G7 Reveals Subprime Losses Could Reach $400 Billion

It was all quiet on the Western front yesterday.

The Dow gained a couple of yards. Oil gained $1.82. The CRB hit a new record high (which it seems to do everyday). Gold went up another $4.40 to $926.

At the G7 meeting it was revealed that subprime losses could reach $400 billion. So far, only $120 billion have been acknowledged. Where are the rest?

Either the G7 estimate is wrong… or there are some new shocks waiting. Banks… hedge funds… investment firms – many of them could be hiding losses… or not even aware (as was the case with the Societe Generale) that they have any losses.

As we said yesterday, war always produces surprises. And the battle between inflation and deflation is no exception.

There have already been big surprises in the soft commodities market.

“I can’t believe it,” said our French neighbor, Pierre. “We’re getting more than twice as much for wheat this year. Everybody is planting all he can. Farmers always do that, of course. We have very short memories. We’re going to buy new tractors… plant a lot more… and then the price will go down.”

The latest data from the CFTC shows that speculators are taking more and more long positions in wheat, corn, soybeans and sugar. Greed clearly has the upper hand in these markets.

Of course, you already know the background for this story. The world’s financial authorities are alarmed by the danger of a global slowdown. They’re fighting it by making money and credit easier to get. Speculators are encouraged to borrow – especially now that they can get money at rates scarcely above the rate of consumer price inflation. After the Fed’s latest rate cuts, its key-lending rate is below the inflation level.

The 10-year T-note yields only 3.61%. The CPI is over 4%. You do the math.

But what can borrowers do with the money? Not buy a house! House prices are falling nearly 10% per year. Add the cost of money and maintenance and a house investor is likely to be down 20% in a 12-month period.

Stocks are no sure thing either; so far this year, they’re down in almost every market.

But commodities are soaring . If you look at a chart of wheat prices, for example, you will see a very frightening picture. Wheat was selling for less than $4 a bushel in 2005. It went over $10 a few weeks ago. And yesterday, top quality MGE March spring wheat hit an all-time high of $16.13. Minneapolis spring wheat has traded over $21 a bushel.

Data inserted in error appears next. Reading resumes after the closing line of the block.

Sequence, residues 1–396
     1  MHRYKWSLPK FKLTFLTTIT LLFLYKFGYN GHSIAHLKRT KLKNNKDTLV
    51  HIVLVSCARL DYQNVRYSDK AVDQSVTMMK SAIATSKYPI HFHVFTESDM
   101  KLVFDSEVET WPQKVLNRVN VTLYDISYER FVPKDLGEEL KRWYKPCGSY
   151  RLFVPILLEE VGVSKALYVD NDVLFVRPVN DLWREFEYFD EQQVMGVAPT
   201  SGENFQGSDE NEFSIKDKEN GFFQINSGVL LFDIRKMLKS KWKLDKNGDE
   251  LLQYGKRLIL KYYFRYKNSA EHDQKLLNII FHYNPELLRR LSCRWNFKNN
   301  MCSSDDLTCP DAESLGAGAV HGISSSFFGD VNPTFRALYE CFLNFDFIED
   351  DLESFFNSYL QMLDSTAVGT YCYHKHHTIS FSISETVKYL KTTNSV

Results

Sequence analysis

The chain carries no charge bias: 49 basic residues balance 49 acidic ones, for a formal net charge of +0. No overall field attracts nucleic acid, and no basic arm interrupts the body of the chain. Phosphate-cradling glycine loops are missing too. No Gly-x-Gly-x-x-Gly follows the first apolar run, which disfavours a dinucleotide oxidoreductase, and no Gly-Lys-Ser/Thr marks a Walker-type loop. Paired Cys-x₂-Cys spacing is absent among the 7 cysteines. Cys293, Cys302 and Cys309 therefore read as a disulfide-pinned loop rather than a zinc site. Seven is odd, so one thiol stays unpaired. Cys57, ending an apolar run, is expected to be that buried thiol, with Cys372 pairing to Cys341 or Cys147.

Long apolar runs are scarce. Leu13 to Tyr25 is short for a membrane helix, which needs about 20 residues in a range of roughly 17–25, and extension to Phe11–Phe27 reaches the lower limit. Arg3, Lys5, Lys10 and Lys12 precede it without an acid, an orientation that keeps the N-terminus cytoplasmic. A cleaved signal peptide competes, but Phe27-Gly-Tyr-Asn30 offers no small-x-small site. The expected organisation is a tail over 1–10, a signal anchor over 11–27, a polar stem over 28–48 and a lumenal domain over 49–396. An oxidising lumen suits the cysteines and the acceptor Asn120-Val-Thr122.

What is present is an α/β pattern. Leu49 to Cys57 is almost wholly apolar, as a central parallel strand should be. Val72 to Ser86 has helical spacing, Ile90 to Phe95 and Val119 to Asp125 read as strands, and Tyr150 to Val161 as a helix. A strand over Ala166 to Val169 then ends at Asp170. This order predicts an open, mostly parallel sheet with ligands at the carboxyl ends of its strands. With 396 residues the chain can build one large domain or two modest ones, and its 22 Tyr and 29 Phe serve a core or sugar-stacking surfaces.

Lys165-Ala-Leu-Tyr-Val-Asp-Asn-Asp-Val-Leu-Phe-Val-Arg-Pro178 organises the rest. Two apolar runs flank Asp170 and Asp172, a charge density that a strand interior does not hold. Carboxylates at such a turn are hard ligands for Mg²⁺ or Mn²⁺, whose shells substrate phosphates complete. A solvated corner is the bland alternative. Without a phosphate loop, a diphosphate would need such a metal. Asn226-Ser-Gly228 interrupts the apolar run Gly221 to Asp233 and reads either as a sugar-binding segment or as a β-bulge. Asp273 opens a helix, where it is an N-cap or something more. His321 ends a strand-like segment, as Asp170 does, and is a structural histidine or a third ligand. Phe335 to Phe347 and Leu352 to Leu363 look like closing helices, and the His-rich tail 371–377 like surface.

Meanwhile, the U.S. Department of Agriculture tells us that inventories of wheat are at their lowest levels since 1947.

Whenever a chart has a line going straight up it is only a matter of time before it has a line going straight down. Nature prefers symmetry. When she takes her time building something up – whether it is a company, a market, a city, or an empire – she generally takes her time tearing it down. But when a fire burns hot… it burns fast… and burns itself out quickly.

Right now, the commodity markets are on fire – and nowhere does the blaze burn hotter than in the wheat fields. We don’t know how high soft commodities will go. But we have confidence in the world’s farmers. Practically every one of them is now buying extra equipment and more land… draining… clearing… plowing… planting… and praying that he can get $16 per bushel of wheat later in the year. Prices may rise in the face of all this frenetic farming, but not forever.

Speculators may be in for a surprise, in other words. So might we all. That’s why we keep our “Crash Alert” flag flying. Stocks are only down about 8% so far this year.

Another bit of bad news… and they could crash another 10%… 20%… or more. What would it take? Maybe the sudden discovery of those $280 billion of missing subprime losses? Maybe an awkward number from the Labor Department? A clumsy move by the Pentagon… or Iran?

Who knows? All we know is that this episode is likely to claim many, many victims before it is over. Some will be killed by inflation. Some will be shot down by deflation. We just want to be sure we’re not among them. So we keep our heads down. We do not speculate. Instead, we stick to our principles: find good investments, good businesses, good houses, good husbands and wives – and hold onto them.

Bill Bonner
Markets and Money

Bill Bonner

Bill Bonner

Since founding Agora Inc. in 1979, Bill Bonner has found success and garnered camaraderie in numerous communities and industries. A man of many talents, his entrepreneurial savvy, unique writings, philanthropic undertakings, and preservationist activities have all been recognized and awarded by some of America’s most respected authorities. Along with Addison Wiggin, his friend and colleague, Bill has written two New York Times best-selling books, Financial Reckoning Day and Empire of Debt. Both works have been critically acclaimed internationally. With political journalist Lila Rajiva, he wrote his third New York Times best-selling book, Mobs, Messiahs and Markets, which offers concrete advice on how to avoid the public spectacle of modern finance. Since 1999, Bill has been a daily contributor and the driving force behind Markets and Money.
Bill Bonner

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